Environmental crisis — sustainable solutions


The Climate Emergency – No More Business as Usual conference, held in Adelaide on October 10-11, included 18 workshops canvassing many issues around the politics of the environment: from food production and peak oil, to theories of political change and educational programming.

The following article is based on discussion arising from one of these workshops titled "Sustainable solutions". The presenters in the workshop were Bev Hall from the Australia Cuba Friendship Society, Andrew Hall from the Australia Venezuela Solidarity Network and Margaret Rhode, a member of Urban Ecology and resident of the Christie Walk EcoCity development in Adelaide.

During Cuba's "Special Period", which began after the collapse of the Soviet Union in 1991, the island nation faced a massive crisis. Cuba had relied on the Soviet Union for most of its oil importation. At the time, oil was essential for Cuba's electricity generation and farming practices.

The Cuban government and its people successfully averted social collapse through instigating a range of technical and political measures. The result is that Cuba is today recognised as the only country with a sustainable economy in the world.

Cuban achievements include the rapid transition from traditional diesel-fuelled electricity generators to biomass plants and the expansion of ethanol production using waste products from the sugarcane industry. Cuba has also invested in solar and hydroelectric power generation.

Cuban agriculture is no longer dependent on the use of fossil fuel-derived fertilisers. Permaculture has expanded across the island with government support.

While, as an oil-dependent economy, Venezuela still has a long way to go, it has adopted a number of Cuban measures including the provision of energy-efficient light bulbs free of charge and the free replacement of energy-inefficient household goods.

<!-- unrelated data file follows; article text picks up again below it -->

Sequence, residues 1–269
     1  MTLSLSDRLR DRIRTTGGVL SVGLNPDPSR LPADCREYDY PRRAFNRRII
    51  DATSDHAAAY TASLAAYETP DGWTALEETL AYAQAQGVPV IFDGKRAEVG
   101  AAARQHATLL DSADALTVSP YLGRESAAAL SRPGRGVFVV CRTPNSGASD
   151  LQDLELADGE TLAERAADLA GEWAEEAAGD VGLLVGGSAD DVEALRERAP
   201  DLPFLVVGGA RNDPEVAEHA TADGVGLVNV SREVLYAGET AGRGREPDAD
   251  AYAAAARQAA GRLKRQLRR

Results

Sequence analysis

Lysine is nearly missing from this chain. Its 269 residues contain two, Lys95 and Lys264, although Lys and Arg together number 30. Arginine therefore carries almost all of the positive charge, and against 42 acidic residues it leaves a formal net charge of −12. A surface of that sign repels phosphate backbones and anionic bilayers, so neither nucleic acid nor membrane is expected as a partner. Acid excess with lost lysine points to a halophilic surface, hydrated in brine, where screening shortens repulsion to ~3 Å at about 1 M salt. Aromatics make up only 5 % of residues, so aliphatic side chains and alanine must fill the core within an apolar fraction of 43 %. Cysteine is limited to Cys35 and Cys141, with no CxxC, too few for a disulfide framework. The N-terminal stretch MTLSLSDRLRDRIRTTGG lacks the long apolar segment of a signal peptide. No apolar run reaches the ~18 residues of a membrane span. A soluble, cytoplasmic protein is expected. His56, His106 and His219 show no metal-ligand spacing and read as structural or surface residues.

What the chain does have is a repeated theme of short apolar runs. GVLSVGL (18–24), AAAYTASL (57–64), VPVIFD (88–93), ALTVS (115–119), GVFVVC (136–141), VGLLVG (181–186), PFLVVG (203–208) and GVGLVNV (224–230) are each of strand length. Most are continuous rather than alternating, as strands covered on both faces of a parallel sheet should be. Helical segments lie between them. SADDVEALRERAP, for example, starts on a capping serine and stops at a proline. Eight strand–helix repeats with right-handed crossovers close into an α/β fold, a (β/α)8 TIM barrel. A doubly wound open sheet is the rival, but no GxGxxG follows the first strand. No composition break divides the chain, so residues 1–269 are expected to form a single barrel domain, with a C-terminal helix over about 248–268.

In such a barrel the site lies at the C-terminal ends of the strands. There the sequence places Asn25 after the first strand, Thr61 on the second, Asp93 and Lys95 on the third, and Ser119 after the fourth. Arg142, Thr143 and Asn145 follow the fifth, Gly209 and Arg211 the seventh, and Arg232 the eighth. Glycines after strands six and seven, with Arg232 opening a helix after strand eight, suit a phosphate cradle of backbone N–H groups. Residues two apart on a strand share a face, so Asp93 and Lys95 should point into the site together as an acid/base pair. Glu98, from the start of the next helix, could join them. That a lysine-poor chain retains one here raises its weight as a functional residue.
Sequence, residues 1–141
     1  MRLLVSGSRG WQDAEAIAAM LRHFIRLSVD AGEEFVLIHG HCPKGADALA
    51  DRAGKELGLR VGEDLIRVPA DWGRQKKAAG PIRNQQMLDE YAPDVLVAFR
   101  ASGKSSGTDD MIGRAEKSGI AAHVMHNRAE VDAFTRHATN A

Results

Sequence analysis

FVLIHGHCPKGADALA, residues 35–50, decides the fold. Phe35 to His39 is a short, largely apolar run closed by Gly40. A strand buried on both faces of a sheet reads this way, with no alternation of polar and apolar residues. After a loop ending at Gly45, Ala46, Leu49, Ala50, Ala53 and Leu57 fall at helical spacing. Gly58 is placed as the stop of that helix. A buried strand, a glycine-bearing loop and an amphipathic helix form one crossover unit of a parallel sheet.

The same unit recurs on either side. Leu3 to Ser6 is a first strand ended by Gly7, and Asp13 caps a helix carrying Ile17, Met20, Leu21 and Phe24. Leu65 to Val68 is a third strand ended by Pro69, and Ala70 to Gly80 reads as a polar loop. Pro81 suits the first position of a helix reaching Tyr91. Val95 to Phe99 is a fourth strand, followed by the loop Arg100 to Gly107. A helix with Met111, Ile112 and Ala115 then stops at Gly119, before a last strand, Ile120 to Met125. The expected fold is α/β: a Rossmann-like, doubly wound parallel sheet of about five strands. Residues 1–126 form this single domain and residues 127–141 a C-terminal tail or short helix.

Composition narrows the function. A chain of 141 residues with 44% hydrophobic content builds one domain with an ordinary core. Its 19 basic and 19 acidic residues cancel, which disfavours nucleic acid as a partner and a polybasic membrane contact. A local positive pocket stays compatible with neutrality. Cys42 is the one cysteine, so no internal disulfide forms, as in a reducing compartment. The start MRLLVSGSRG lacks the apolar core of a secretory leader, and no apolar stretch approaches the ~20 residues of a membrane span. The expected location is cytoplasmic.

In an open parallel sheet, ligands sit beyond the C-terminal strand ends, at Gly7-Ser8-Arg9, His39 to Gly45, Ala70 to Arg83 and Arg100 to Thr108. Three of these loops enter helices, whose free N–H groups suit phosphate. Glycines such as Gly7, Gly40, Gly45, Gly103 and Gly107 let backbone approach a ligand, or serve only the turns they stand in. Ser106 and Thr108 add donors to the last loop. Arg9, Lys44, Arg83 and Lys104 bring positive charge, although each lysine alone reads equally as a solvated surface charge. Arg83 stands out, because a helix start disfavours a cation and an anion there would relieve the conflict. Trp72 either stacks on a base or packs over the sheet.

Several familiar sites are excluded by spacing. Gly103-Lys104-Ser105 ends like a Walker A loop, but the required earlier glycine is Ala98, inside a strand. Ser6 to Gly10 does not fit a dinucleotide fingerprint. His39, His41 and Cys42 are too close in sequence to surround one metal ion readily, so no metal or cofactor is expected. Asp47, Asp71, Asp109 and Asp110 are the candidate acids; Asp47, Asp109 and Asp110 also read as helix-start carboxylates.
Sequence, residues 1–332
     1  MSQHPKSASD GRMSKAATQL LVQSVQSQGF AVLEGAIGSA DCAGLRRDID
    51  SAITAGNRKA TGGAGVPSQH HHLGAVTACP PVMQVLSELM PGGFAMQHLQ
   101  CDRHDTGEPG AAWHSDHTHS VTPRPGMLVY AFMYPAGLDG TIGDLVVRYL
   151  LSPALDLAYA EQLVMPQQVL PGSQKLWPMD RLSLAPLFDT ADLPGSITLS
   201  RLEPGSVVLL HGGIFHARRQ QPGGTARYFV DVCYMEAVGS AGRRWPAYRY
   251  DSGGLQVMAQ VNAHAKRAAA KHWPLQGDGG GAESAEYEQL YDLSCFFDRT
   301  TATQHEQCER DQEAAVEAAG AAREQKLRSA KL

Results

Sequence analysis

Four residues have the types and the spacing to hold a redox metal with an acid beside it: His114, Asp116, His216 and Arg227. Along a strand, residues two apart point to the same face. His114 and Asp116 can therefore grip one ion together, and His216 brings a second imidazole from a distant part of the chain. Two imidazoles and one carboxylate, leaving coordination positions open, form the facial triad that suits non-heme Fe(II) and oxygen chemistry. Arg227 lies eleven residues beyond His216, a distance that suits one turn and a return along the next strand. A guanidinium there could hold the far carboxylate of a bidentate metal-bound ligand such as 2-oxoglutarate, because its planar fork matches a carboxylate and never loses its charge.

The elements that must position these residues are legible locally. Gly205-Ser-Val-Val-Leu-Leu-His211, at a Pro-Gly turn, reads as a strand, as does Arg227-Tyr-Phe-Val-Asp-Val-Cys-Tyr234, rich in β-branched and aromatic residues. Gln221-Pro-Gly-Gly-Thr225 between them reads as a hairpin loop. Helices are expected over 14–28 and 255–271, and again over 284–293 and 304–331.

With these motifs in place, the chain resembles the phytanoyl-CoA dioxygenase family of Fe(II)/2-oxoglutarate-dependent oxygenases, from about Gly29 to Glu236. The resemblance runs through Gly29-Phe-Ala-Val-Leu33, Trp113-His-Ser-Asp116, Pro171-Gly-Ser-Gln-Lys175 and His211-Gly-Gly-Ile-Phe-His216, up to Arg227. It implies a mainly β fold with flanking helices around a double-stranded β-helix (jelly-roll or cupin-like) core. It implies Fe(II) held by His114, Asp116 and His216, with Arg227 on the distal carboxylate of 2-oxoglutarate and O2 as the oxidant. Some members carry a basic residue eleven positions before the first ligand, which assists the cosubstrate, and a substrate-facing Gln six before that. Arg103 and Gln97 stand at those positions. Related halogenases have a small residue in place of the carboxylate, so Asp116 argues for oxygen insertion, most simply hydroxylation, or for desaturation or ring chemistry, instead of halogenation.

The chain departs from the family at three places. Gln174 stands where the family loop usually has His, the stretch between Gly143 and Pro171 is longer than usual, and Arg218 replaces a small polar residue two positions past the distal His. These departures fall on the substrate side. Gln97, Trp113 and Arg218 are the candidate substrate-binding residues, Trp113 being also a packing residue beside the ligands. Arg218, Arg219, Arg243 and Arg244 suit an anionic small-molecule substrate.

Preservation of the environment is also enshrined in Venezuela's constitution, committing the government to protect biological diversity, ecological processes and genetic resources.

Building truly sustainable cities is a major challenge for humanity if we are to avert a climate disaster. Christie Walk, a medium density co-housing development located in central Adelaide, is one example of the kind of sustainable urban design our cities need. The complex combines many ecologically sustainable and community-enhancing features.

Stormwater is stored onsite for use on gardens and to flush toilets. The complex has an onsite community garden, and was built using recycled, non-toxic materials with low embodied energy.

The 44 residents benefit from shared laundry facilities, photovoltaic power, and a rooftop native garden with a genuine soil base that assists in cooling the building during warmer months.

The average two person home in Adelaide produces 11.17 kg of CO2 emissions per person per day whereas Christie Walk two person residences produce just 5.6 kg of CO2 per person per day.

[For more information on talks and workshops from the Climate Emergency - No More Business as Usual conference visit ]